Jacaranda Season – Grafton
It would be a mistake to focus on what is missing from Grafton at what is normally the city’s busiest time of the year but ignore the wonders that remain. While COVID-19 has robbed the locals of their beloved Jacaranda Festival with its special events, royal party and busloads of visitors, they are still able to enjoy the sight of the amazing annual purple haze. And the masses of mauve-coloured blooms mean a trip to the Clarence Valley is still worth your while.
“While there are no crowd-drawing events this year, there is still plenty of purple around the town,” says Jacaranda Festival manager Mark Blackadder.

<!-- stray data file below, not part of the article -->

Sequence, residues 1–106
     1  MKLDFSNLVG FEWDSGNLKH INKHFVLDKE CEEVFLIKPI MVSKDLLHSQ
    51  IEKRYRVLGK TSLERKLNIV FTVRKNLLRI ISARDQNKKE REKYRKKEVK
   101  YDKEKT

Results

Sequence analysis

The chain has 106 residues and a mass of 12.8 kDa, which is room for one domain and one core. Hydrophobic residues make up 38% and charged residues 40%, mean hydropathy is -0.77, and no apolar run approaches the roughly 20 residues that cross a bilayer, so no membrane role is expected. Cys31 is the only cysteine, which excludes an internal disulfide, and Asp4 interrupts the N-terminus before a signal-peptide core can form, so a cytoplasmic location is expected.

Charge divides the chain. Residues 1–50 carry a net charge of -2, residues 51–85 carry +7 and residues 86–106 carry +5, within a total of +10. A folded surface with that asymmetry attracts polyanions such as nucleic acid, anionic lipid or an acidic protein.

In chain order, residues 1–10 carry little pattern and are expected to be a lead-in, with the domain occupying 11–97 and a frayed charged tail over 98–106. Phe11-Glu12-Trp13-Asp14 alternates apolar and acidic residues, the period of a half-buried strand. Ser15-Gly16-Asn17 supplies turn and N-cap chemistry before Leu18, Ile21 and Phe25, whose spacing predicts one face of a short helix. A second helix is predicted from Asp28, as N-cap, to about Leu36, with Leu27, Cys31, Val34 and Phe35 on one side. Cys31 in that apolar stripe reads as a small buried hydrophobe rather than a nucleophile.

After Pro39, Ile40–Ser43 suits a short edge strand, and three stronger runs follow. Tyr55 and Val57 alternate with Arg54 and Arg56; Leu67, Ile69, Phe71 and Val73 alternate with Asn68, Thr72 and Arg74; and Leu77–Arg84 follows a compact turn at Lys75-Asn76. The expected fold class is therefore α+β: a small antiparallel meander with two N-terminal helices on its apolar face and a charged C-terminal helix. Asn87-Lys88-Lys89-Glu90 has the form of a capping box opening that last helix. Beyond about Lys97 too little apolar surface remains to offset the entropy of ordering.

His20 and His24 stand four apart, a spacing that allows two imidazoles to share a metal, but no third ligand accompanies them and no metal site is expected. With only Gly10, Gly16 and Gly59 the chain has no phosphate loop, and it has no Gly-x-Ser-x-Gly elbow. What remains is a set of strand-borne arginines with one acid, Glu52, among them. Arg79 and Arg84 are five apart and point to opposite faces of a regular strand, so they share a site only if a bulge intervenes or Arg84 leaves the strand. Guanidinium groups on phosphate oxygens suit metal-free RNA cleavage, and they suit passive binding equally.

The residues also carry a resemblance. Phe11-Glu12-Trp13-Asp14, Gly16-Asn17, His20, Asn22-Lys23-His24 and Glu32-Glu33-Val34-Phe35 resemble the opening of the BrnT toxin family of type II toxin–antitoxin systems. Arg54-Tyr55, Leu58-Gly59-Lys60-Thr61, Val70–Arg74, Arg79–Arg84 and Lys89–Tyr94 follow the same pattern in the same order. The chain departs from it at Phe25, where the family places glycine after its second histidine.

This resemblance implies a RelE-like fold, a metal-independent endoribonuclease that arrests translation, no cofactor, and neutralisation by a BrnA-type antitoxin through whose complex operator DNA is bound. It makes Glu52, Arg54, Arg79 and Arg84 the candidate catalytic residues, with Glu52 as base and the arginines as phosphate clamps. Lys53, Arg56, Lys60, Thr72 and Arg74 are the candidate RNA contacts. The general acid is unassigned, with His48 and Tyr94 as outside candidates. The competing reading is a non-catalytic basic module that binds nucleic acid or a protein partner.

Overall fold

“The shops have dressed their windows to make things look pretty and, of course, there are the trees that everyone wants to see.”
The seeds for Jacaranda Season were literally sown in the 1880s when Henry August Volkers was contracted to plant trees for Grafton Council. Nearly a century and a half later the streets he lined with the South American natives are turning on yet another memorable display.
“The trees are looking good and are probably a week out from full bloom,” Mark says.
“Some avenues are blooming a little bit later.”
The good thing about jacaranda flowers is that they are open every day of the week during their short life (Jacaranda Season officially runs from October 16 to November 11) so any day is good to see them. To make your trip extra special, Mark recommends timing it with a visit to the newly launched Twilight Farmers Market held in the jacaranda-ringed Market Square on Thursdays from 3.30pm to 7.30pm. JACA HQ is still open next door to the Saraton Theatre in Prince Street to sell a range of merchandise and answer any questions.
Learn more about Jacaranda Season here.